Columnist, Jeni Harvey: Do Dry January - but do it quietly

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Unless you’ve been hiding under a rock - or at the bottom of a bucket of Beaujolais - you can’t fail to have noticed that Dry January is doing its thing once again.

But, judging by the completely unscientific method of scanning my Facebook and Twitter feeds, the annual booze-free fundraiser seems to have rolled around this year in a distinctly quieter and less braggy way.

A couple of years ago, every other person in the street seemed to have declared themselves a “Dryathlete” and be demanding sponsorship. However, in 2016 there just seems to be a handful of people embracing the concept – or they’ve realised the silliness in boasting about being sober for a month.

Good. Being alcohol-free for a month is undoubtedly a fine idea, as it saves money, can lead to the loss of extra festive pounds, is proven to improve sleep and – perhaps most importantly – can remind people you don’t need to be merry to have a good time.

Dry January also raises cash for Alcohol Concern, surely a better place to direct money that might otherwise have been spent on Stella.

But while people staying dry for 31 days is all well and good, it’s the social media boasting I can’t stand. Around nine per cent of men and four per cent of women in England show signs of alcohol dependence, according to the NHS.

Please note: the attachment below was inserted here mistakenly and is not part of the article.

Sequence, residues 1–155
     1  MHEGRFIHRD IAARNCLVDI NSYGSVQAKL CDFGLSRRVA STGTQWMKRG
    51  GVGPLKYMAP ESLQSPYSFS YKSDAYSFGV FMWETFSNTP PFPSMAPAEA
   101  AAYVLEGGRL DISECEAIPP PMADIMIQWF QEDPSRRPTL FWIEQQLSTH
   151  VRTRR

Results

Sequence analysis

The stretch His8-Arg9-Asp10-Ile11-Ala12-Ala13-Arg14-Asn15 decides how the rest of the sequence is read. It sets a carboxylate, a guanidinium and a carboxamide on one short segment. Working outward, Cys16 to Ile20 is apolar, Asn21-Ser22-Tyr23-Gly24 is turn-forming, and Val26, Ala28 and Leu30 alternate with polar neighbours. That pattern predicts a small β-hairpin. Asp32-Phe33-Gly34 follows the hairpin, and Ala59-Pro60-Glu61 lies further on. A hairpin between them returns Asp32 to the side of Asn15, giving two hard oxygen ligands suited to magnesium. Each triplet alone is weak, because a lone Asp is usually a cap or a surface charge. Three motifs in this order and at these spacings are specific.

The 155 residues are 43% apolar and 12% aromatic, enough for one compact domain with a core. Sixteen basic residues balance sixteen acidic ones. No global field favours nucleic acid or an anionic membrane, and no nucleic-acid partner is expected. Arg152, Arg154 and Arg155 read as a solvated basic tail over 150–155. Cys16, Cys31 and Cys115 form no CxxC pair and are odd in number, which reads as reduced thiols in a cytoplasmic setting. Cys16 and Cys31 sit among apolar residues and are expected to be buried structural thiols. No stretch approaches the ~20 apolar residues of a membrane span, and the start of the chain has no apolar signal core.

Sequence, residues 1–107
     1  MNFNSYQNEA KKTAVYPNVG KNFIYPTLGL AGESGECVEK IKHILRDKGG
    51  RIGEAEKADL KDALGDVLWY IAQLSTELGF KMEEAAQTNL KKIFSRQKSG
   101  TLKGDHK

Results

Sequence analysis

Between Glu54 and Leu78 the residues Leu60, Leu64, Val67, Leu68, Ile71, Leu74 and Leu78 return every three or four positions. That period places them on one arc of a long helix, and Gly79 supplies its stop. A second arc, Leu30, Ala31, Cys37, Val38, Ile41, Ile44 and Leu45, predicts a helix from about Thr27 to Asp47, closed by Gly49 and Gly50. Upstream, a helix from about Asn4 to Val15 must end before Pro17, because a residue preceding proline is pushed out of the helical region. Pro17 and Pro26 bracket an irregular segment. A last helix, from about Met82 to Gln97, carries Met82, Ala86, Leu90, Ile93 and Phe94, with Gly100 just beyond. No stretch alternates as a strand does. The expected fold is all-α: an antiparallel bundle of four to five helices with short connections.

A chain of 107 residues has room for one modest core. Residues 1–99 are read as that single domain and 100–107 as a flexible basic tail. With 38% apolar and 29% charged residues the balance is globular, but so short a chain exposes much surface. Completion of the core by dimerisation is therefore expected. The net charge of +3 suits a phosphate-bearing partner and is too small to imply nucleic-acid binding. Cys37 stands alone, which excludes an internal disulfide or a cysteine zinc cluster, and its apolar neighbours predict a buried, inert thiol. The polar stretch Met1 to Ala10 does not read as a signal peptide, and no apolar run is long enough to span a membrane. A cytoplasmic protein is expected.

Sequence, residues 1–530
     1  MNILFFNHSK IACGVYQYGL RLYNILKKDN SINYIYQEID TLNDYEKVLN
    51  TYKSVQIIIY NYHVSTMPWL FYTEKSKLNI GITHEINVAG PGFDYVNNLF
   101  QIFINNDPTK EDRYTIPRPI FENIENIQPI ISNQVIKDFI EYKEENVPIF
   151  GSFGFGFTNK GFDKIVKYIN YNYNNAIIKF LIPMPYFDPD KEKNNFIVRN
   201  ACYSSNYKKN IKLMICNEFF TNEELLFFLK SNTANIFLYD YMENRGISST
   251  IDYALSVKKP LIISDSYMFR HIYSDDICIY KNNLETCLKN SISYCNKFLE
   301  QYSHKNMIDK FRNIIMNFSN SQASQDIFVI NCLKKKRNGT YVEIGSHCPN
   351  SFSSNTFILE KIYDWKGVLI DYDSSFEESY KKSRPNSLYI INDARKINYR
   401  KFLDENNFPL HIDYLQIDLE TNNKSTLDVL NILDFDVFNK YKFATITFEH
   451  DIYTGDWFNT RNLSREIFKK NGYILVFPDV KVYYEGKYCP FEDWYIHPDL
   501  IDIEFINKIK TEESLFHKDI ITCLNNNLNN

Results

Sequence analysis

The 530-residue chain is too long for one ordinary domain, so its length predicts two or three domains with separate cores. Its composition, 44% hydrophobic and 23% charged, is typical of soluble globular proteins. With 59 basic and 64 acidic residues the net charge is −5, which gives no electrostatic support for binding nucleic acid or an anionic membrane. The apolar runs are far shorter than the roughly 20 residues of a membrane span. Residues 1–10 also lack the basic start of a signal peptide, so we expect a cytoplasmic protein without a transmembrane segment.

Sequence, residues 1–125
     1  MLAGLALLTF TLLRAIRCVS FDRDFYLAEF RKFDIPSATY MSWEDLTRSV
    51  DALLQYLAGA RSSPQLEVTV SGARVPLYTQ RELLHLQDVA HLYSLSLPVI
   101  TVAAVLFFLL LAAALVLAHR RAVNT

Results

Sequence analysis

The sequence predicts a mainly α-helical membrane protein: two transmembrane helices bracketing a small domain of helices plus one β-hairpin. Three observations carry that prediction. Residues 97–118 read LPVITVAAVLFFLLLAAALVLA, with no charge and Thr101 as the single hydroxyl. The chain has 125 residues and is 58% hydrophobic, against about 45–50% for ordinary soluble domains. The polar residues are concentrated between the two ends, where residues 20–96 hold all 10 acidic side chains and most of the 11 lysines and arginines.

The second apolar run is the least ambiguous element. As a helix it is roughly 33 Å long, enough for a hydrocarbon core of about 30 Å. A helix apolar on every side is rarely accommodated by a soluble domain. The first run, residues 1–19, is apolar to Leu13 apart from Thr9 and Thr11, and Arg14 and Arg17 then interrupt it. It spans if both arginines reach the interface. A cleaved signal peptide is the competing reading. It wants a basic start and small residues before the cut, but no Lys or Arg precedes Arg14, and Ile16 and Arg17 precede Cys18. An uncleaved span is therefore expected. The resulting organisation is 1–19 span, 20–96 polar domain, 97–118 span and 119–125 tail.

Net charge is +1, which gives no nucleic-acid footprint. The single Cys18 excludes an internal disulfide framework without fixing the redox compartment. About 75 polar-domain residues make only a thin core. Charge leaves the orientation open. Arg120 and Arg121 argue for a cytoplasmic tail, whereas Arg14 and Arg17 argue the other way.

Chances are, the person craving praise for their strength in buying an alcohol-free Erdinger rather than craft beer isn’t one of them.

Dry January, for me, falls into the same bracket as those old clichés of January gym-joining.

People wanting to improve their health is great thing, but you can’t really expect friends to care much– especially when they suspect that, come February, the chia seeds will be festering at the back of the cupboard, the trainers dumped by the back door, and you’ll once again be spending your evenings watching Netflix documentaries with a bottle of red.

I fully acknowledge my scepticism might be, in part, due to my being sober since ast May due to having a baby on board. One month is nothing, so-called Dryathletes. Come and talk to me when you’ve done nine months of it, while carrying the equivalent of several bags of potatoes around your middle.

As a budding expert in sobriety, I also have a little tip for dry Sheffielders this January – drop into Fermental, in the Moor Market. It’s a new stall specialising in fruit wines and spirits, but also does a very fine range of alcohol-free cocktails. 
Which, if you are genuinely struggling with staying off the drink, might make those wine-free evenings taste just that little bit sweeter.